By allowing ads to appear on this site, you support the local businesses who, in turn, support great journalism.
Power of the President
Placeholder Image

For decades, political science students have been taught the late Richard Neustadt’s battle-tested maxim that the power of the president is the power to persuade. I don’t think he ever imagined Twitter, and he certainly didn’t imagine a Donald Trump in the White House. What for decades looked like a challenge requiring skill and leadership turns out to require nothing more than a Twitter account and a nation of followers.
With all the attention to Russia, consider this: Is Trump’s MO really so different from Vladimir Putin’s? The idea that every word the president says needs to be carefully considered because of its potential influence has been upended by a man who sees that very vulnerability as a source of unlimited power, so long as he is oblivious to all the criticism about being “unpresidential.”
So Lockheed Martin woke up Monday morning to find that the president-elect of the United States had “tweeted,” in fewer than 140 characters, disapproval of their F-35 fighter-jet program. It’s not that Trump is the first president or president-elect to single out a company for criticism. But generally, there is some warning. Generally, there is a particular trigger. Generally, there is an opportunity to respond before the president-elect of the United States tells millions of people that your project is a waste of money.
But in a bonanza for the public relations industry, the general rules don’t apply. My guess is that there isn’t a CEO in America today, and certainly not one that does business with the government, who didn’t look at what was happening to Lockheed Martin and say to themselves: “It could be us next.” And what do you do to avoid that? Presumably, there is a simple answer to that: Stay on his good side — and maybe make a major donation.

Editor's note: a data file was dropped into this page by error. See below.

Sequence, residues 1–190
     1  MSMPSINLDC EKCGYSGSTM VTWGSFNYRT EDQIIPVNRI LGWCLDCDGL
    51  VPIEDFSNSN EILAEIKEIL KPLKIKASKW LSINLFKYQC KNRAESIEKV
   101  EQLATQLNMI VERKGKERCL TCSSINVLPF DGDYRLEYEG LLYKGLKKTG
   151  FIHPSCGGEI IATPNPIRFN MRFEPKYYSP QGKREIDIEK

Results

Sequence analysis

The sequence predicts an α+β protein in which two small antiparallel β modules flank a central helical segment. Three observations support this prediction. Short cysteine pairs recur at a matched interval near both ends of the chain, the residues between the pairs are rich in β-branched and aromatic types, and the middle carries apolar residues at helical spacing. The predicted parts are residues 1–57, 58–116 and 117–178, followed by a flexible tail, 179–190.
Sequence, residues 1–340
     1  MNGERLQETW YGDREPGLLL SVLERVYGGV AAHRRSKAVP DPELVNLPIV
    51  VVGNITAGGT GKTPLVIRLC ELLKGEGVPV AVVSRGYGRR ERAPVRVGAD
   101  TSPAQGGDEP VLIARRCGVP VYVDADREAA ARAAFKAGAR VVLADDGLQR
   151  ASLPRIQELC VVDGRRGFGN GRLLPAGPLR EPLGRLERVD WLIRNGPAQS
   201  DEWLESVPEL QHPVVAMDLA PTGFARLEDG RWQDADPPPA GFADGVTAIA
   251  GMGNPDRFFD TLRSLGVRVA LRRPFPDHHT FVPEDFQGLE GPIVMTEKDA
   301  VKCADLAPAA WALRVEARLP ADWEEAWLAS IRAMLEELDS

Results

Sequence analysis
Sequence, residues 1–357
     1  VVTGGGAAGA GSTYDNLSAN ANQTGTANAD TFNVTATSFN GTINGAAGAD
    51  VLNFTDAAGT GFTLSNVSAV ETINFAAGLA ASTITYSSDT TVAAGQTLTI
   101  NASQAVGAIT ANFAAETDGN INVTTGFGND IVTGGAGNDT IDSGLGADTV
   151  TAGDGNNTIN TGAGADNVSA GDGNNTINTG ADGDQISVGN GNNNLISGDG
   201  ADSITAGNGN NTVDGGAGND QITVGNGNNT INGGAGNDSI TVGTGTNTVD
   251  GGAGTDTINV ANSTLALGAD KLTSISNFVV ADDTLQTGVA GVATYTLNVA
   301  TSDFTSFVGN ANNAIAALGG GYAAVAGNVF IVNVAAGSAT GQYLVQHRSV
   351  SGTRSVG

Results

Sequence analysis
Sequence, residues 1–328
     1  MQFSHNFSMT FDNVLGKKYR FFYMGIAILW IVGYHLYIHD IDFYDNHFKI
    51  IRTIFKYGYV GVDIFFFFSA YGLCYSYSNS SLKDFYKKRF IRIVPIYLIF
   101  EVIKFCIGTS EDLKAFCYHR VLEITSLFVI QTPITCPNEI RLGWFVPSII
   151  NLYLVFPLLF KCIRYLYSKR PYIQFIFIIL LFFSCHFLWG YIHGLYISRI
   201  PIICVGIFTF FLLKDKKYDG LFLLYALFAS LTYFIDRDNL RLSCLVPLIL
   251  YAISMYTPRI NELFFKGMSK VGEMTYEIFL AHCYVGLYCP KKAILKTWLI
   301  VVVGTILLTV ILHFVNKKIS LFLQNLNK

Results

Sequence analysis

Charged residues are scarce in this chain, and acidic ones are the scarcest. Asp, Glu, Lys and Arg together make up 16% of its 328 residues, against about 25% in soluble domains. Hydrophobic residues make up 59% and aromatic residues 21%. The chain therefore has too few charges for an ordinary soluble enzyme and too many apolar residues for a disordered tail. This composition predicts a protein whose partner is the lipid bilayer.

Is this responsible?
No. But if people were looking for the most responsible candidate for president, they would have picked Hillary Clinton.
It pains me to see Clinton’s campaign team defensively looking for a scapegoat for their defeat. The signs, as my friend Bonnie says, were right there: On the worst days of the campaign, when the Billy Bush tape was everywhere and women were in line to accuse the future president not just of inappropriate flirting but of forced sex, Hillary Clinton was still only ahead by 3 points and never solidly held 50 percent.
If you think about it — many of us were, frankly, afraid to — there were also too many “undecided” voters. How can anyone, after her 25 years in the spotlight, be undecided about Hillary Clinton? If you weren’t ready to vote for her yet, how likely is it that you’re going to go her way in the end? These weren’t the usual independent undecided voters; they were people who really didn’t want to vote for Hillary Clinton. Would they have voted for Joe Biden? Maybe. He might have done better among angry white men and maybe even among educated women who have always been ambivalent about Clinton (for reasons that have been discussed to death). But it doesn’t matter.
This is a democracy. In a democracy, you win some and you lose some, and when you lose, you do it with as much grace as you can muster. I feel very sorry for Hillary Clinton, as I would for anyone who spends years trying to achieve a great goal and falls just short, whether of a gold medal or an oval office. Everyone thought Trump was beatable — even members of his own staff were saying so on election night — but he wasn’t, at least not by Hillary Clinton. Some of that is about her, but the point isn’t just that Clinton lost. Trump won the Electoral College, which is how you win the presidency under our Constitution.
We were all horrified when Trump suggested he might not respect the results of the election. How can the same rules not apply to us? Trump won. What we saw is what we are getting. This is not fake news. If only.